NSW COVID-19 Information

Empowering Vulnerable Households to prepare for Emergencies

The Vinnies NSW Bushfire Recovery and Community Development Program (BRCD) is funded through a public appeal raised in 2019/2020. The program utilises a community development approach to enable long term, sustainable recovery for communities. Program Manager John Fenech shares how the program is supporting vulnerable households to prepare for emergencies and natural disasters through a partnership with the University of Sydney.

When a natural disaster takes place in a community, the people who are most impacted are often the most vulnerable. This includes people who live with disability, chronic illness and/or those who are socially isolated. When the Vinnies NSW Bushfire Recovery and Community Development Program (BRCD) commenced in early 2020, seeing vulnerable households better informed and prepared for future disasters was a real gap in emergency preparedness and hence an issue that the program has made a priority. “As the BRCD program commenced in the Kempsey Local Government Area (one of the worst hit regions during the 2019 NSW Black Summer Bushfires) partnerships and opportunities began to emerge to address this issue collaboratively and innovatively”, John explained.

During a bushfire recovery network, Vinnies NSW connected with the Centre for Disability and Research and Policy at the University of Sydney (CDRP USyd) and were introduced to the Person-Centred Emergency Preparedness (P-CEP) toolkit. The P-CEP program aligned well to the recovery work Vinnies NSW had commenced in the Kempsey region, and to the overall BRCD program objectives. The P-CEP helps to match emergency planning to the supports people need for their health and safety, in emergencies. “Importantly, the program is practical and accessible, and builds upon the strengths that are inherent within individuals and communities,” shared John. The P-CEP toolkit consists of three components 1) A Capability Wheel to generate discussions about disaster preparedness 2) Principles to guide person-centred conversations, and 3) A set of steps to bring emergency services personnel and people with disability together, along with services that support them to facilitate effective communication and disaster preparedness.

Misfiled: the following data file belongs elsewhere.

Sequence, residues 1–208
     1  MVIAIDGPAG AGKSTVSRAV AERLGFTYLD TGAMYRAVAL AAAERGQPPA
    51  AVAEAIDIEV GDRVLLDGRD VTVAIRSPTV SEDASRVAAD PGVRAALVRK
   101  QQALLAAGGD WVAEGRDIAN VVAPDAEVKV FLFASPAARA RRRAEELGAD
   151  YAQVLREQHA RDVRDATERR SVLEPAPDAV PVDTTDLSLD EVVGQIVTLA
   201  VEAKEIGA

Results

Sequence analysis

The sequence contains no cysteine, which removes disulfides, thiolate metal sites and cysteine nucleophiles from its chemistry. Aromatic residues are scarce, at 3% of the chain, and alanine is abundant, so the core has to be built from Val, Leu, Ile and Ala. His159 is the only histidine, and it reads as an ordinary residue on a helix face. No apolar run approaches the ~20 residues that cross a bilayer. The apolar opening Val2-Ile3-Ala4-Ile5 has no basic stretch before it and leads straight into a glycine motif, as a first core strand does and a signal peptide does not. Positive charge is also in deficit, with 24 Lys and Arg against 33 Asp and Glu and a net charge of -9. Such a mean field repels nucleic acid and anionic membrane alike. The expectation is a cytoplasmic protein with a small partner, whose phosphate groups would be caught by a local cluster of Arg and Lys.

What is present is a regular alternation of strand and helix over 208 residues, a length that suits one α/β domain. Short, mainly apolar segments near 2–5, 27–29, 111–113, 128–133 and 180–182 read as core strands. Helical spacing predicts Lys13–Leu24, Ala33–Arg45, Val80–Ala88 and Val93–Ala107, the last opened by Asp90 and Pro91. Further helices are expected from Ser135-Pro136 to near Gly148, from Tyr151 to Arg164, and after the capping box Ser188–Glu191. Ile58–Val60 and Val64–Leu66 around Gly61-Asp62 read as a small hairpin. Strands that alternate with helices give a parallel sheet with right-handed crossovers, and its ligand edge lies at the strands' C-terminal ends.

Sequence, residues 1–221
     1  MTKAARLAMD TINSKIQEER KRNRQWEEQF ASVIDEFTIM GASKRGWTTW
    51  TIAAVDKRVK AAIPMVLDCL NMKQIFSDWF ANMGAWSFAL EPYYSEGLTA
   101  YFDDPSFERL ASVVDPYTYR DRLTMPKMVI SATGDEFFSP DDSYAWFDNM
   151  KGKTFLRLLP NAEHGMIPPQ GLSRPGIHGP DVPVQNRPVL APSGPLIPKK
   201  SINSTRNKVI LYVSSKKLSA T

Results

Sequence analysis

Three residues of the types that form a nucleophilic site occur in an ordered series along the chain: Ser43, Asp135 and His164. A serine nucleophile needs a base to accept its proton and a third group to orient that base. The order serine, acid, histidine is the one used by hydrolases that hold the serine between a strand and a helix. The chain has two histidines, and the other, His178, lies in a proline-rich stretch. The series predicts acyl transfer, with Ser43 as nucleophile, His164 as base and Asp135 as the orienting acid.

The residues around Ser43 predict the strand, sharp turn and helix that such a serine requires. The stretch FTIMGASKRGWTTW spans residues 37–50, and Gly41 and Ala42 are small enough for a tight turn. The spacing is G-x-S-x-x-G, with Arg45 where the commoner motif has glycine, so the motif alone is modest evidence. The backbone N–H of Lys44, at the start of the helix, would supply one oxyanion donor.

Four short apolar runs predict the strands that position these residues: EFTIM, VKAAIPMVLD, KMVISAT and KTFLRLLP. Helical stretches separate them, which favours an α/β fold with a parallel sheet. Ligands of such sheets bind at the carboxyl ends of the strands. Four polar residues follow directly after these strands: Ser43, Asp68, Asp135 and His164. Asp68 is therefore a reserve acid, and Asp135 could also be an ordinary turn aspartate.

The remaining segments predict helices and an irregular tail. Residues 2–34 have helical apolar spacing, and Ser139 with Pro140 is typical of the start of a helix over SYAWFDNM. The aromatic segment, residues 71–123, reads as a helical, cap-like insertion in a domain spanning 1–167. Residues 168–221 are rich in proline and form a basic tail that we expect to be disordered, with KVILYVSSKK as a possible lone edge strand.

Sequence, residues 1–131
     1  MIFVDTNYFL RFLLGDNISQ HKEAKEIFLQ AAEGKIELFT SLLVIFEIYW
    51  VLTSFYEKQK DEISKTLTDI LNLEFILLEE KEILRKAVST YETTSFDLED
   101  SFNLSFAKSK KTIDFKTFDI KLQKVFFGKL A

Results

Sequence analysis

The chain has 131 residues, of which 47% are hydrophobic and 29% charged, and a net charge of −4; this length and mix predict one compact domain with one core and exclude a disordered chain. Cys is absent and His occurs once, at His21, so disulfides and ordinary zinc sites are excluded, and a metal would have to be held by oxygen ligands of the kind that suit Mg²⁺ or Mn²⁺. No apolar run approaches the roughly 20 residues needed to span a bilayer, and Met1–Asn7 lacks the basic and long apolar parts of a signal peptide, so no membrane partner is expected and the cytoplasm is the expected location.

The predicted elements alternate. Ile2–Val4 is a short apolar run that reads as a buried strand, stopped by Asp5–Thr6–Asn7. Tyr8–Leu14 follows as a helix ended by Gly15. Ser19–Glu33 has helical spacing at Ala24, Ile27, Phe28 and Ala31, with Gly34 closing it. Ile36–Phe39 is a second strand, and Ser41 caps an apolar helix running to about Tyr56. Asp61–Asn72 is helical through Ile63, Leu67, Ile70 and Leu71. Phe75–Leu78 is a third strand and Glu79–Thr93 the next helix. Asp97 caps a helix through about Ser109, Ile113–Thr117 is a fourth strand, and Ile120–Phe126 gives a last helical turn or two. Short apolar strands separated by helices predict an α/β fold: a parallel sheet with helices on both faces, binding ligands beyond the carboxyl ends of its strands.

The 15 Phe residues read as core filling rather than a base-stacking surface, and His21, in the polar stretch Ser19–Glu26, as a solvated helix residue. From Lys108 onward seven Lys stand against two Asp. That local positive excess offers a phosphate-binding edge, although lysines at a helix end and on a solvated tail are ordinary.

Vinnies NSW BRCD and CDRP USyd established a partnership to launch an action-research program on the implementation of the P-CEP program in the Kempsey region. Researchers from CDRP USyd will train Vinnies staff in P-CEP, who will then support 30-50 households through the stages of disaster preparedness. A 10-hour online training program for Vinnies NSW staff, community members from the Kempsey region and representatives from government and local services providers commenced in September. “Feedback from our staff and community members has been extremely positive so far. We are confident that with well prepared staff, we will be able to effectively engage the households P-CEP is designed for in the Kempsey region”.

Whilst the pilot is in its early days, it is anticipated that the initiative will strengthen relationships in the community, particularly between vulnerable households and emergency services. In other LGAs where P-CEP has been implemented, feedback has been positive. An example includes the Hawkesbury-Nepean Valley where CALD communities were engaged with P-CEP to develop personal flood preparedness. The largest outcome was seeing conversations taking place where community members were able to start thinking about what they would need to do to prepare. This highlights that disaster preparedness is a process and an ongoing conversation. John concludes, “Along with our partners, our vision is to see no vulnerable household unprepared for an emergency or natural disaster if, and when, this next happens in the Kempsey community”.

Image Acknowledgement: The University of Sydney

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